In a Gallup poll, nearly 50 percent of the US workforce are quiet quitters. Otherwise known as slackers from early generations, the term means doing the bare minimum without much enthusiasm to continue getting a paycheck. Post Covid, America’s work attitude changed. The typical 9-5 workday and “climbing the corporate ladder” have vanished. With technological advances, many white-collar employees seek flexible work-from-home options to help deal with everyday life’s trials and tribulations that weren’t available in years past. The power shifted to the employees for a brief second, clamoring for more and more, pushing employers to the brink until now.
And boom, the white-collar recession hit. A recession is a period of economic decline that can significantly impact the job market. During this time, companies cut jobs, freeze hiring, and unemployment rates rise. While traditional blue-collar careers (retail, hospitality, manufacturing) suffer from labor shortages, it’s quite the opposite for the typical office worker who can do their jobs remotely. During Covid and shortly after, tech companies went on unmitigated hiring sprees fueled by cheap VC funding, bringing new employees at salaries well above the market price. As inflation grew due to supply chain issues and government stimulus, interest rates rose. Then easy VC money dried up, forcing companies to watch their bottom line to survive, and that meant layoffs.
According to MarketWatch, Google is laying off 10,000 low-performing employees, a mere 5% of their 187,000 workforce. Entrepreneur.com says, “the employees who don’t go above and beyond could be let go first if a recession becomes a reality.” While quiet quitters may find peace in their lives with more balance, it could come at a cost, especially if one needs their job to survive or keep a roof over their head as employers look for ways to cut costs.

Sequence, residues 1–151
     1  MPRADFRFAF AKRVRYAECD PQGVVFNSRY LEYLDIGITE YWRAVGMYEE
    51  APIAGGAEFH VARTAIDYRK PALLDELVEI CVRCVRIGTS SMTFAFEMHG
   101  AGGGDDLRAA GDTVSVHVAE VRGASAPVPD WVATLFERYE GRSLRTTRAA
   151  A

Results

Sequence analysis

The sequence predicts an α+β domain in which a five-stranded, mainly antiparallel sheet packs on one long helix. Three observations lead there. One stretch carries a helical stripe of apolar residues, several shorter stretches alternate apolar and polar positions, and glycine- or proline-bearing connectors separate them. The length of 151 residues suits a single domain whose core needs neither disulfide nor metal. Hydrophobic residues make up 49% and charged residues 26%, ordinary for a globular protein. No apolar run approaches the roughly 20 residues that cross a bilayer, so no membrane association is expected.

On the bright side, even as the industry giants – Facebook, Google, and Amazon lay off en masse, hiring remains strong, with the unemployment rate at a healthy 3.5%. As companies seek to cull the herd, what can they do to replace lost productivity?
Microsoft CEO Satya Nadella stated, “tech companies will have to become more productive with fewer resources” at the World Economic Forum. In the RSPA article, Combat Your Business’ Recessionary Fear With AI, the author states, “with the democratization of AI, businesses have the tools to reduce labor expenses while remaining profitable.” AI, the ability for computers to think and act human, can automate tasks, reduce costs, and allow employers to operate with fewer employees.
Layoffs aren’t fun for both employer and employee. However, one’s declining work ethic can severely and adversely affect an organization—employees who aren’t fully engaged or motivated lead to low morale and productivity. While some blame is on the employer, some also fall on the employee. Would you want your doctor to quiet quit if they are operating on you? Or the first responder not giving their all when your loved one’s life is on the line?
The old saying goes, “whoever has the gold makes the rules.” While no employer is perfect, they are the ones that provide the employee the ability to provide for themselves or their family until said employee finds a new job or starts their own business. The former hard chargers of years past may be in for a rude awakening. Eventually, the economic situation will stabilize. The excellent news is that AI can help employers become profitable with less labor which is a significant portion of their expense.